Pawling Self Storage -- Self Storage Tips by Sarah Sernaker
1. Consider the space. How much space is needed for your belongings? For example, a student dorm usually fits in a 5X10 space, a 1 bedroom apartment,10X10, and so on. If you use movers (or a u-haul) you can tell by how big the truck is that is, to see how much space you need. If you get too big a space, you are paying too much, and it can be wasteful. On the other hand, if you need to have access to your things, it is sometimes beneficial to have that extra space. If you don’t need to access your things, a smaller space is fine. Also consider how high it is appropriate to stack your things. For example, you don’t want to stack heavy things on a sofa, or the springs and cushions could wear out prematurely. And boxes might break if there are heavy things stacked on top of lighter ones.
2. Consider the climate. Is the facility climate controlled or not? Is the facility too cold in the winter, or too hot in the summer? A storage unit that is too hot in the summer may melt the glue in some furniture. Too cold, and it may crack your bowling ball. Also uncontrolled humidity can lead to mold or other problems.
3. Consider your contents. Do you have musical instruments art, antiques, or expensive electronics? Those are things that almost always should be in a climate-controlled facility. Wood on violins and guitars can warp, expensive finishes can be ruined, and the humidity can affect those as well. A regular television might be fine in a non climate-controlled facility, but ask yourself if you would feel comfortable putting your fancy stereo system or medical equipment that you paid thousands of dollars for into a facility that can be a hundred degrees?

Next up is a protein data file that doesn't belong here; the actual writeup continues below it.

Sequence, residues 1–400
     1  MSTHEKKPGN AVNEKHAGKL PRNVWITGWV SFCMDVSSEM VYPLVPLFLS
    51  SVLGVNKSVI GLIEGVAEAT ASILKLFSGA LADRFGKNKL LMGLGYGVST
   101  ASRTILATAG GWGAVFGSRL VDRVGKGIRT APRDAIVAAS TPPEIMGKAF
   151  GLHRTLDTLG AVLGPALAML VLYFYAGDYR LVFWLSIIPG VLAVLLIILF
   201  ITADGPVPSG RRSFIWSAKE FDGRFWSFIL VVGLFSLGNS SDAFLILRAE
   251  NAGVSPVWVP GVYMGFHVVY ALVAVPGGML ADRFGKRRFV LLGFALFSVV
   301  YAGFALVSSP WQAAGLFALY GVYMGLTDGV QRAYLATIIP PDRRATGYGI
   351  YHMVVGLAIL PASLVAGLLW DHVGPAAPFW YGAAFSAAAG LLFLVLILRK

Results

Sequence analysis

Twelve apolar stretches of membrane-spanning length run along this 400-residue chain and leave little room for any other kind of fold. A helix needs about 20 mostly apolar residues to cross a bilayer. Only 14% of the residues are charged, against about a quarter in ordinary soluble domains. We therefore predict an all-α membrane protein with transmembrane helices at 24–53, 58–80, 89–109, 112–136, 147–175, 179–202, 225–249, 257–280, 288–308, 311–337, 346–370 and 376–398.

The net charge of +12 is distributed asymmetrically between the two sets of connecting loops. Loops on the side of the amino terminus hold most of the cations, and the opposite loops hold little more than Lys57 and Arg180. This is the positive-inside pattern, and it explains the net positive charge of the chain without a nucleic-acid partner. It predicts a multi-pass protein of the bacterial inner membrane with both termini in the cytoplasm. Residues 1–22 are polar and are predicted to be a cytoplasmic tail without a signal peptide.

4. Consider the location of the facility. How far away do you wish to travel? You might save money by choosing a facility that is further away, but if you go there often, it may cost more in gas, time, and wear and tear on the vehicle. Similar to choosing a space, how often you access your things is a factor. In addition, you might consider how convenient is the location? Maybe it is not the closest, but if it is next to the supermarket or post office, it might be more convenient. Also, if it is on the wrong side of the street, it may not be as attractive a location that is easy to get to, and might have a traffic light or a proper turn lane.
5. Consider security. How secure is the facility? Do you need a code to enter the facility, or can anyone just walk in? Is there a person in the office most of the time to keep an eye on things, or is it like an abandoned building? Is the facility well-lit at night, or is do you feel like you are entering a dark alley when you go to your storage unit? Are there fire sprinklers in case of a fire? Are there working cameras and an alarm system at the facility?
6. Consider logistics. Do you need to go upstairs to access your things? If so, is an elevator available? If there are stairs that you need to use, are they safe for carrying heavy objects? Is the bathroom open at night when you might need to stop in and get something? Is there enough light in the hallways?
7. Consider lighting. If your storage unit is not lit (most are not), did you remember to purchase a magnetic or tap on light for the inside of your unit? This is particularly important if you are going to be working inside of the unit, organizing, or going through old papers.
8. Consider how to pack. Movers roll delicate objects in paper, and then fold over the right side of the paper, then the left, and roll some more and then tightly pack the box so those things don’t move around. After moving six times I can tell you that method works well. It may not be as important to pack a storage unit that carefully, but it can’t hurt. When packing things into a storage unit, large furniture should go in the back, and boxes filled in later, or may be stacked on the side(s) depending on preference. It can be very frustrating to go to the storage unit needing an extra chair, and finding that it is not accessible. In addition, as stated previously, care must be taken to avoid stacking heavy items on lighter ones. Upholstered furniture and mattresses should be wrapped or put in plastic. Care should be taken to box up or otherwise wrap art, so the paint and glass are not damaged. Never stack anything on top of paintings as well. Boxes should be labeled, for ease of moving back into a house.
9. Consider the critters. Does the facility have regular pest control? Pests can eat through expensive wiring, destroy important papers, and mess up clothing, and just about everything. It is worth taking the time to make sure pest control is done professionally and on a regular basis, to avoid problems.